TONY NIXON 54964
Has anyone got any information about copyright procedures regarding
software for projects.
Just when I thought I knew it all,
I learned that I didn't.
TONY NIXON 54964 wrote:
> Has anyone got any information about copyright procedures regarding
> software for projects.
The following was from a thread posted a while ago. Andy Kunz supplied
>A good practice - I do the same. Its surprising though how much many slightly
>technically literate 'entrepeneurs' over-value this. Perhaps it has a lot to
>do with the need to control the 'core technology' so their investment is not
>marginalised and should another customer approach you with a similar
That's part of it. Mostly it is because there are multiple applications
a generic cat-skinner. Once I have a cat-skinner operating, why invent
new one? The value of professionals is that they have solved the
once and a company can get the cost of a new product reduced by the pro
re-using stuff he developed for somebody else. Or for them (repeat
>I suppose that in the process of you developing critical code segments that
>be used for other purposes - that these are retained as your own intellectual
>property and never sold outright ?
Usually, but not always. It all depends on the customer and the rate.
of my customers was my former employer, and has been helpful in
work when I didn't have it elsewhere. They get a little better
than most. Another customer is slow to pay - he gets less. Another
with stock in the company (I like that!).
A lot has to do with the trust between my customer and me.
>>The source code goes to a lawyer who puts the files in an "escrow" account,
>>to be delivered to the customer in 5 years or we go out of business.
>Please clarify, is this 5 years from the delivery of 1st working unit of the
>completed development or 5 years after the last delivery of pre-programmed
>chips. Do you get the client to explicitly pay the lawyers fees or does that
>come out of 'normal administrative overhead' ?
There is usually a contractual milestone at which the product is "done"
such as start of first full production run (a trial run is beta testing,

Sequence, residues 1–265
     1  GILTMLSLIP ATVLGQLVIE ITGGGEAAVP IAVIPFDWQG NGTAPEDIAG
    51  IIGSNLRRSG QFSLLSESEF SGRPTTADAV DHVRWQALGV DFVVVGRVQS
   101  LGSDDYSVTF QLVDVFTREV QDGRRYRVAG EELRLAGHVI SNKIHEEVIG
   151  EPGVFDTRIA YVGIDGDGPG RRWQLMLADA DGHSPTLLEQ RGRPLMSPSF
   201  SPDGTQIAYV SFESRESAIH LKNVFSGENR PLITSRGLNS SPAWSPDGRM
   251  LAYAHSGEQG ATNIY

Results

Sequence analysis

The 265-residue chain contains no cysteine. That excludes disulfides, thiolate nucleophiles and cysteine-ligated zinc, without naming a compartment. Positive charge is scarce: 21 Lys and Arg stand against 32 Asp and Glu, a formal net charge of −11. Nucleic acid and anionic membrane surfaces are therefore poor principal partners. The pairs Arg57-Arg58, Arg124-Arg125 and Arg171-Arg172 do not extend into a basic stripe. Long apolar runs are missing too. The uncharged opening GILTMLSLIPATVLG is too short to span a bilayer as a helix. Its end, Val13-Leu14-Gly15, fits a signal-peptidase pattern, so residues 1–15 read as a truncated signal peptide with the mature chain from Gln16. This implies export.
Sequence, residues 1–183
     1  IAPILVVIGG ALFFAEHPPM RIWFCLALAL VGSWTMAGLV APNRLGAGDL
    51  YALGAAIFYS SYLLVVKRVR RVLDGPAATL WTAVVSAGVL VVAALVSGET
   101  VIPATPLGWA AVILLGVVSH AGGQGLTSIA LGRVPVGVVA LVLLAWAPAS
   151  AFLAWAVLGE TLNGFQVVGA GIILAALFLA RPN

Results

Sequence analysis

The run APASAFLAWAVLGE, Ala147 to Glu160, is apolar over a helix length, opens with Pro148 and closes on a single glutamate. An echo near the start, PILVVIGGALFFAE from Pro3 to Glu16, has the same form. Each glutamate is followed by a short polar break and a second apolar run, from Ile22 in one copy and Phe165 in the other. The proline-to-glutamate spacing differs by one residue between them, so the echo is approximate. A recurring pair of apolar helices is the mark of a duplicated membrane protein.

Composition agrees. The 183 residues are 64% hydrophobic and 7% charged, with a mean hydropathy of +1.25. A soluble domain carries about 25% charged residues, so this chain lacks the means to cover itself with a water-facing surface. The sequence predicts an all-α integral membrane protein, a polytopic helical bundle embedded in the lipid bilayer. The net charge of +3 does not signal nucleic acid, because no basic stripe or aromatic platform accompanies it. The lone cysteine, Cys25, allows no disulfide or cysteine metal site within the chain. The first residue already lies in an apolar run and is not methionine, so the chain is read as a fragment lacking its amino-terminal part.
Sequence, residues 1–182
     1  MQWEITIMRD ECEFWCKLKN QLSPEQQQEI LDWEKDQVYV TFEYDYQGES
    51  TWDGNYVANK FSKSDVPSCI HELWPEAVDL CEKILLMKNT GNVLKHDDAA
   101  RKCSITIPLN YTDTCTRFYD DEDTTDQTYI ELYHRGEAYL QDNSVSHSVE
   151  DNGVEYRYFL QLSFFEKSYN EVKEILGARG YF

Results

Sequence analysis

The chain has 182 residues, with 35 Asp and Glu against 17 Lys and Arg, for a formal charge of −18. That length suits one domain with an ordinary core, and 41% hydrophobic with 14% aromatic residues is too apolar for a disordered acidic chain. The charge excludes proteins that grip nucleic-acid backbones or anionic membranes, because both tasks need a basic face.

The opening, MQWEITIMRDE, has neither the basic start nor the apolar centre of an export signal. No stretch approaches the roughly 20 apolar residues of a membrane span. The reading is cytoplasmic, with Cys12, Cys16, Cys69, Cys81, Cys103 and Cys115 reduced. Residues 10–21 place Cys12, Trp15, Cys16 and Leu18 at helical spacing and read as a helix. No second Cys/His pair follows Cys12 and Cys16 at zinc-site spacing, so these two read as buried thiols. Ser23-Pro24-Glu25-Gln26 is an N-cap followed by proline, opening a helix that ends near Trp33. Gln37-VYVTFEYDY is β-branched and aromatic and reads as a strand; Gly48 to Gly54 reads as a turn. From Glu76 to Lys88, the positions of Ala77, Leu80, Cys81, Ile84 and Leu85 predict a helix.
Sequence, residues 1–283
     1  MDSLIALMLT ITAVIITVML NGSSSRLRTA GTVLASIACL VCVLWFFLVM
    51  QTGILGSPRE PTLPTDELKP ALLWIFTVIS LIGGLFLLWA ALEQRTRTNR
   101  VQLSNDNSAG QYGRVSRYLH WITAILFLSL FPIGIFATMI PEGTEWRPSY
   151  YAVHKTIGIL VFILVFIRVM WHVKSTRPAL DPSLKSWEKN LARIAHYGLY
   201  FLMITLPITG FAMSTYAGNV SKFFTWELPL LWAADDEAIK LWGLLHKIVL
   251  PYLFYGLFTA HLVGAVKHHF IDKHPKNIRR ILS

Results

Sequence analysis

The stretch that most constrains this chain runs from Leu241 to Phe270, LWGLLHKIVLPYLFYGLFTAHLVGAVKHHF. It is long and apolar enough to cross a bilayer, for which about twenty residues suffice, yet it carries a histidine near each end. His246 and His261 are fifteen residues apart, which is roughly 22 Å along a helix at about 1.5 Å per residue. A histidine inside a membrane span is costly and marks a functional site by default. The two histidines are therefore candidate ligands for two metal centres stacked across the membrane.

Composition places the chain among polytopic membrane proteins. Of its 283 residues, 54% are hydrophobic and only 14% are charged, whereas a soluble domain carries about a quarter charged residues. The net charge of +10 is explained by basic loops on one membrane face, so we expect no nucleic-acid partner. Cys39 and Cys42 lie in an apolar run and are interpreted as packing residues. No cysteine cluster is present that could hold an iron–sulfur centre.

after all). That would start the 5 years. The customer has no need to
contact the lawyer, other than to make him know about any change in
status (they moved, etc.) Usually, my lawyer and their lawyer are the
who talk. Anyway, the fees are minimal - Annual safe-deposit-box at the
bank that the lawyer has the key to, or his own in-house fireproof safe,
few bucks to write up the escrow agreement, and the rest is handled
his retainer. Shoot, how much do you expect to pay somebody to do
First time it cost me < US$500, and that was basically because I bought
the safe (he's a buddy since elementary school).
>Anyway, after 5 years do you still retain copyright indefinitely ?
That stays with me permanently, although they are granted the right to
modify the code so long as it stays within a the original product area.
They do NOT get the right to pick Subroutine A and ALgorithm B and make
Product XYZ, nor to disclose it to personnel (other contractors) other
to make enhancements to the original product.
Again, it depends on the customer. Some folks get the rights to the
always with the note that I have the rights to use any part of it in any
other product. It is a compilation of library components. You don't
to buy the books, just the right to use them in your product. They are
still my books for use elsewhere.
>True, does depend on the customers requirements and what they think they
>need to be
>in production and how much support they require you for. When you say no
>restrictions - does that mean that the company can on-sell the source code
>and project to a third party - then who owns the copyright ?
Yes, even that far. Often work is subcontracted, and then I'm bound by
their contract. WIse is the man who checks to see what this costs
I ALWAYS retain the right to use developed code. That is _NEVER_
negotiable. They get rights to the collection of routines, not to the
>Can the company include the 'unrestricted' source material on their asset
I ain't a lawyer, nor an accountant. Ask one of them.
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